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Maiza Dubhé in Taliesin McEnaney's Brain Storm.Handout

  • Brain Storm
  • Written and directed by Taliesin McEnaney
  • Co-created by and starring Hayley Carr, Maïza Dubhé, Alexandra Montagnese, Shayna Virginillo
  • Company Lucid Ludic in association with Why Not Theatre
  • Venue Dancemakers Studio Theatre
  • City Toronto
  • Runs to March 8


3 out of 4 stars

What is it really like to have an acquired brain injury?

Brain Storm, a new play written and directed by Taliesin McEnaney, uses physical theatre and projections to plunge its audience into the world as perceived by a writer named Kate (Shayna Virginillo), whose brain no longer functions the way it used to following surgery.

Doctors hold up fingers that flicker and are impossible to count, letters dance on a screen in a jumble, and spoken dialogue becomes gibberish without a moment’s notice.

Kate’s left field of vision has vanished, and so, when she doesn’t look to her left, the people and things that she would not be able to see disappear behind the four rolling white screens that make up most of designer Will Bezek’s set. (The projections are by Melissa Joakim.)

Brain Storm’s protagonist must learn “strategies” to navigate with her new brain, as she attempts to rehabilitate it – but even the act of trying to order a peppermint tea at a café is difficult as her well-meaning friend Emma (Alexandra Montagnese) chatters on and a truck backs up outside.

Sensory overload is summoned through the staccato or swishing movements of the actors, sudden changes in dialogue dynamics and Olivia Shortt’s short-circuiting sound design.

Sensory overload is summoned through the staccato or swishing movements of the actors.Dahlia Katz/Courtesy of manufacturer

In its attempt to transfer a character’s atypical perceptions onto an audience, Brain Storm was reminiscent of French writer Florian Zeller’s much-produced The Father, a play about dementia that lets spectators experience events through the eyes of a man suffering from it.

McEnaney’s show is a looser affair, however, a devised work created with the cast that also includes found dialogue and relies on the dance and clowning of its carefully calibrated four-person ensemble to make its points.

Brain Storm not only draws on McEnaney’s personal experience dealing with a major brain injury of a family member but also from the writings of her late grandmother, Claire Ward, who called herself a “script mentalist medium.”

Ward would hold a pencil and channel messages from “spirit guides,” one of whom was Wilder Penfield – the pioneering neurosurgeon and Heritage Minute star (“Dr. Penfield, I smell burnt toast!”).

Kate’s unnamed grandmother (Hayley Carr, entrancing in trances) is a fictionalized version of Ward – and we watch her spout out words from Penfield, who, from beyond the grave, has much to say about the mind and energy.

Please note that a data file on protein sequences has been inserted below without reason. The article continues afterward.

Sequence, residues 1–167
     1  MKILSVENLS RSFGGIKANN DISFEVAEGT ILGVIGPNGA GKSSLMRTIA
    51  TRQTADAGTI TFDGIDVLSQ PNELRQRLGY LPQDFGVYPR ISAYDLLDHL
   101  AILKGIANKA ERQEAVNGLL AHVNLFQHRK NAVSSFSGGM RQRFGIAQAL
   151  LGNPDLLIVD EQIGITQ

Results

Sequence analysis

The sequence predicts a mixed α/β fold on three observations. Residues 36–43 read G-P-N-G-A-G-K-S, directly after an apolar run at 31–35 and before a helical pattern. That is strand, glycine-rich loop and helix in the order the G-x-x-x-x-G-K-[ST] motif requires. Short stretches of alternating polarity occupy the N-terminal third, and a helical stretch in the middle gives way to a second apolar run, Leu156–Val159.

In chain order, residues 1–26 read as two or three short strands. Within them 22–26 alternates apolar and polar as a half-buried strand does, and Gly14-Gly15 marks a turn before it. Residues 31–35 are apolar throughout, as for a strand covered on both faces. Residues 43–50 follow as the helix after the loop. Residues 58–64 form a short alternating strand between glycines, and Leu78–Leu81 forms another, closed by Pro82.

The play uses projections to plunge its audience into the world as perceived by a writer named Kate, whose brain no longer functions normally following a surgery.Dahlia Katz/Courtesy of manufacturer

We also get to see Penfield himself at work in an operating theatre, stimulating the brain of a patient named Judith with electrical probes while she is conscious – leading to strange physical sensations as well as out-of-body experiences and vivid hallucinations based on memories that bring the dead back to life.

Mind-body dualism becomes a part of McEnaney’s staging here: Montagnese voices Penfield from a microphone stand on the side of the stage, while Maïza Dubhé performs his body doing the surgery.

What’s happening here? These seem to be scenes from a play that Kate wrote about her grandmother before her surgery, metatheatrical moments that allow McEnaney to explore metaphysical ideas about the mind. Is it so unscientific to believe in a soul, or spirit, when the brain can be manipulated almost like a computer? Who or what is operating it normally – and where does this who or what go when we die?

Brain Storm doesn’t try to answer these questions. It’s a visual and physical exploration of themes – and sometimes has a meandering feel, without a strong story or characters with depth. (The context of Kate’s life is only sketched in.) If the overall trajectory is not satisfying in a traditional way, however, this is, in part, purposeful. As its creator writes, “Those living with brain injury know that the linear narrative of a triumphant journey of recovery is often not available.”

It’s certainly original to see a piece dealing with difficult subject matter that is, primarily, a comedy. The often dehumanizing experience of health care is amusingly represented here by three surgeons/stooges wandering around in Victorian dress; it’s like The Knick meets slapstick. And Montagnese is particularly funny as the friend of Kate’s who tries to be sympathetic but is constantly undermined by her own foot-in-mouth disease.

The final moments of Brain Storm surprise; they are gently moving and generous.

Dahlia Katz/Courtesy of manufacturer

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